"I still see quite a few DDoS attacks every month,” said Nikos Vasileiadis, information security officer at Ergo.
“They’re often targeting smaller businesses these days: ‘Give us the money of we’ll bring you down’,” he said.
Driving this, alongside improved security at the large business level making high-profile targets less lucrative, is a certain ‘democratisation’ of cybercrime: not only are the tools out there, but they can be hired on a pay-to-play basis. Countless devices are infected already, lying in wait and ready to be deployed as zombie nodes in a DDoS botnet at the press of a button.
“Right now you can rent a botnet for as little as two [US] dollars a day, so pretty much anyone can do it. Most of the threats are coming from low level people,” said Vasileiadis.
Not that ‘low level’ means the threat is trivial, because extortion is extortion.
“Last week [January 2018] a hospital in the US paid $60,000 [approx €48,000], otherwise there was the threat looming over them,” he said.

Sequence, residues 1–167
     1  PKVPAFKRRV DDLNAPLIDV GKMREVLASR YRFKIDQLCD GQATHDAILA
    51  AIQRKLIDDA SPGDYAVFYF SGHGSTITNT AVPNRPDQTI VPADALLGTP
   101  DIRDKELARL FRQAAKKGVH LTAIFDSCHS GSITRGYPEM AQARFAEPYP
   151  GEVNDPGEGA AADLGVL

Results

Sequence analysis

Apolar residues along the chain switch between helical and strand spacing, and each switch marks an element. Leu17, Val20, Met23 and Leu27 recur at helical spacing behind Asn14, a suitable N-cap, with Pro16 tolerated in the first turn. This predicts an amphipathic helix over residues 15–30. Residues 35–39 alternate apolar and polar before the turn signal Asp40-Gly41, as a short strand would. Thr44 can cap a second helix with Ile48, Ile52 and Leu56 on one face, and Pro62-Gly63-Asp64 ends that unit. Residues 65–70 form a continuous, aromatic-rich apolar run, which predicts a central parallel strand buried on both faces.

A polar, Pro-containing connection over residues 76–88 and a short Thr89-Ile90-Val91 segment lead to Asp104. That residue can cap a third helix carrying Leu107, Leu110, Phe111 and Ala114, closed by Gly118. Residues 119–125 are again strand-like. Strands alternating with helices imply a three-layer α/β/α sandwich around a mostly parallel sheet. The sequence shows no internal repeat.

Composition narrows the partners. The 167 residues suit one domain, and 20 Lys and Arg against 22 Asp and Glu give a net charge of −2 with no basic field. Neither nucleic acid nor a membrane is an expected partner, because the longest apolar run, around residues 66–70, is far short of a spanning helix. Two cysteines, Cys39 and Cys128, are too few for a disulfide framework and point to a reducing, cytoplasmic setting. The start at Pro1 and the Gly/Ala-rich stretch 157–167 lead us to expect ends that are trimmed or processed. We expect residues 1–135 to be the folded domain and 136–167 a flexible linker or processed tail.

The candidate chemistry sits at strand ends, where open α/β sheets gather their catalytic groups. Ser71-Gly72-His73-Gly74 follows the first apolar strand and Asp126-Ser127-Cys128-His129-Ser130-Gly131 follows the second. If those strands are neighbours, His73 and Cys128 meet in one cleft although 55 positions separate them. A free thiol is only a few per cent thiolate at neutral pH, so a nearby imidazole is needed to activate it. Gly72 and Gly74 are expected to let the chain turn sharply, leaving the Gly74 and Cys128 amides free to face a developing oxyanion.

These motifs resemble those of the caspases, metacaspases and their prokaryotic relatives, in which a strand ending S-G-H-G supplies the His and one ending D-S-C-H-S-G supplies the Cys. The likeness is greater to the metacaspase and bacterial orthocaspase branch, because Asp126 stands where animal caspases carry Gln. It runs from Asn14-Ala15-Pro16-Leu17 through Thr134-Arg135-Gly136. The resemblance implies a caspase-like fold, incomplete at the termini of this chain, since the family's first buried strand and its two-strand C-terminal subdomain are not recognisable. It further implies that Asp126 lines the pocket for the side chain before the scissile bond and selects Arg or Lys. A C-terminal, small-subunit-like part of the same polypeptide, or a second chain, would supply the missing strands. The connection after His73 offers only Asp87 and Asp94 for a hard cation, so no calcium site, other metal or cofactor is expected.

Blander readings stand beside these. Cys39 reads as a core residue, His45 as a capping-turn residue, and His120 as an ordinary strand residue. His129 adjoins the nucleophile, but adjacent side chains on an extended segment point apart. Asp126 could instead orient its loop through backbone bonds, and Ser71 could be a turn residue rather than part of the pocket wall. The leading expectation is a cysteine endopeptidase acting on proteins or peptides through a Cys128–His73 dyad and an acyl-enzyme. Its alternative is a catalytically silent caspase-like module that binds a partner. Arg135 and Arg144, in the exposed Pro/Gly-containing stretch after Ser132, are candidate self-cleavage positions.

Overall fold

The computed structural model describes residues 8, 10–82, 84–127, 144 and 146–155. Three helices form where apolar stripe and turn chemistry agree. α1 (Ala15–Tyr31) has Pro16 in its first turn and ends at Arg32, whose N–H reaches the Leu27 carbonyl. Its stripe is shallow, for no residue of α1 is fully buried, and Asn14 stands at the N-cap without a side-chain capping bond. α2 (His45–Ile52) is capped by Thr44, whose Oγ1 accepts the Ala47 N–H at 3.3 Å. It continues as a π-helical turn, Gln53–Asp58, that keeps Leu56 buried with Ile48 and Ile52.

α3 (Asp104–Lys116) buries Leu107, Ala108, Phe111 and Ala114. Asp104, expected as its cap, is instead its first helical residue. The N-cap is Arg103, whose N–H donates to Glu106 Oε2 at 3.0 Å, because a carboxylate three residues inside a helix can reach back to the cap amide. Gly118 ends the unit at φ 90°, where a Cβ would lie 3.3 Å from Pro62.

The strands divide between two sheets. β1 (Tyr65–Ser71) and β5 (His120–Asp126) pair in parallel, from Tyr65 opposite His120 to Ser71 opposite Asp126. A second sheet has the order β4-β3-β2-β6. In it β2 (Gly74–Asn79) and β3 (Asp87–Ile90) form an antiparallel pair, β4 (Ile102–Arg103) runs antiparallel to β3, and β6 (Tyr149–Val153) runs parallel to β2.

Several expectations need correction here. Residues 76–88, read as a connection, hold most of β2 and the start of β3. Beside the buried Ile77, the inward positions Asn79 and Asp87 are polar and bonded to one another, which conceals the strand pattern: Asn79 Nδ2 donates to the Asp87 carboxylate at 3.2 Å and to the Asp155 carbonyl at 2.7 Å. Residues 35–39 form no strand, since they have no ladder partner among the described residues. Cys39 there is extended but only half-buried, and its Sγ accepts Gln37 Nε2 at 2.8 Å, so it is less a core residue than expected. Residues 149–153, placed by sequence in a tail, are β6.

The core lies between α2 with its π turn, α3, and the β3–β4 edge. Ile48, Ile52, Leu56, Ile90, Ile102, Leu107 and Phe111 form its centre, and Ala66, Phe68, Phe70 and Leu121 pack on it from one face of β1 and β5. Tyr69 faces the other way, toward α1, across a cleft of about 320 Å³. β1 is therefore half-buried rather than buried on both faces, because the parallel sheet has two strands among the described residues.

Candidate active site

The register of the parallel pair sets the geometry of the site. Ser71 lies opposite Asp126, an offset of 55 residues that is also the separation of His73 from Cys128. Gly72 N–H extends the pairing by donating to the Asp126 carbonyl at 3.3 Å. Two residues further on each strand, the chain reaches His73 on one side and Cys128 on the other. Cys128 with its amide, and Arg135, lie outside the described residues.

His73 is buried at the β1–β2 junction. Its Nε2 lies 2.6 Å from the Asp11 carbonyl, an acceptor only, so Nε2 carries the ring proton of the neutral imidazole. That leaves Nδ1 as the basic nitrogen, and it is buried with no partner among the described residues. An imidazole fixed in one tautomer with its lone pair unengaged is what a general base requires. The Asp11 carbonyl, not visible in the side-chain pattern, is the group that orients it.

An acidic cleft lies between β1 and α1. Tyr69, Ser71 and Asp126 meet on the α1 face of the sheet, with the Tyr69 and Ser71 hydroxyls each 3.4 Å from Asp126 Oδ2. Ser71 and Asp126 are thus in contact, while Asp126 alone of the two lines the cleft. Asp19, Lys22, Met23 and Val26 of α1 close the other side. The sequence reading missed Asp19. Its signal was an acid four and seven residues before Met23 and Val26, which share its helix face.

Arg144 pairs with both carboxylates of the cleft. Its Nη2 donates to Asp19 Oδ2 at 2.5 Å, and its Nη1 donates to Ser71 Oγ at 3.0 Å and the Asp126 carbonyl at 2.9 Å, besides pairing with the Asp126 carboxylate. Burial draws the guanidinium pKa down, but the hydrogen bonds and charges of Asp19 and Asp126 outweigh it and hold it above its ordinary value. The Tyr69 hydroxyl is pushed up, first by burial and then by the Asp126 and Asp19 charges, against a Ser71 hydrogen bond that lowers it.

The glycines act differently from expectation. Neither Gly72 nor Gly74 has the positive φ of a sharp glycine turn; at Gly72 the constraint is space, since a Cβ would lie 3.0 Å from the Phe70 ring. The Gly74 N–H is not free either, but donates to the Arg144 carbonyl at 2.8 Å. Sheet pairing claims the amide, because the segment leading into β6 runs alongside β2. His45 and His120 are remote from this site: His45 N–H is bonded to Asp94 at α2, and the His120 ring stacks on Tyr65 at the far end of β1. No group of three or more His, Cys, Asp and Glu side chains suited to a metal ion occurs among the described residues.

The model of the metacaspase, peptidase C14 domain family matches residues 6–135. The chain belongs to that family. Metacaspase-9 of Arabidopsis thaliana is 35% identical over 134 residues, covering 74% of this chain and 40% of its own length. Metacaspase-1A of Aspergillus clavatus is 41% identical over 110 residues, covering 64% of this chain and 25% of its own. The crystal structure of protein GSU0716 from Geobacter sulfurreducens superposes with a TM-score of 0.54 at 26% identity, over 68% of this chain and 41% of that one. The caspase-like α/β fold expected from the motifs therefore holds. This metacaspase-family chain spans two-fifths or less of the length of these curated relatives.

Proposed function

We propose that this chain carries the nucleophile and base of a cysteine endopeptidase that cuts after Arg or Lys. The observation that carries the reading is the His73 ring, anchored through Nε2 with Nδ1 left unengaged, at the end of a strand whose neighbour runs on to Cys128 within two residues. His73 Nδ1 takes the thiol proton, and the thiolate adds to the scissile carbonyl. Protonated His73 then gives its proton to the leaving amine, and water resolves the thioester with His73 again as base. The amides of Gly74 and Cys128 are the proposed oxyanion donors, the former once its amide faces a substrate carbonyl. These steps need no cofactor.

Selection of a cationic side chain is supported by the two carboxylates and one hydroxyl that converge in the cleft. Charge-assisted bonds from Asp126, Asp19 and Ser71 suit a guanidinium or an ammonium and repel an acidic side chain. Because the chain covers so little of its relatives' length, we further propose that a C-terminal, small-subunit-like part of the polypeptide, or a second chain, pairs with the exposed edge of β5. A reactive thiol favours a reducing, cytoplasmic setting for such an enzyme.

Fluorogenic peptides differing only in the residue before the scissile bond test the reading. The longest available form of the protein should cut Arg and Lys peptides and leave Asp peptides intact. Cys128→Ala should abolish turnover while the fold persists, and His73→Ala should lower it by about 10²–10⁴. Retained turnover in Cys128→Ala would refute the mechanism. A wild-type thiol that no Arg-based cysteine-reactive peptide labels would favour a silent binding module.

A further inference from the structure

Strikingly, Vasileiadis said he has also observed DDoS being deployed as part of wider cybercrime strategies.
“They’re launching a DDoS attack and in the background they gain access via a different method."
“It’s as if your ground floor is on fire but, unbeknown to you, a burglary is going on on the first floor. When the alarm rings you go to that room — and probably leave other one empty,” he said.
Vasileiadis also said that businesses need to consider the other side of the DDoS equation: as much as you can be the target of an attack, you can also be the source.
“I’ve seen quite a few businesses being used as a botnet,” he said.
“There was an incident a couple of months ago where a German company was breached and used to attach a Chinese company. We tend to think of it the other way around, but there you go!"
“The targets are global, pretty much everywhere,” he said.
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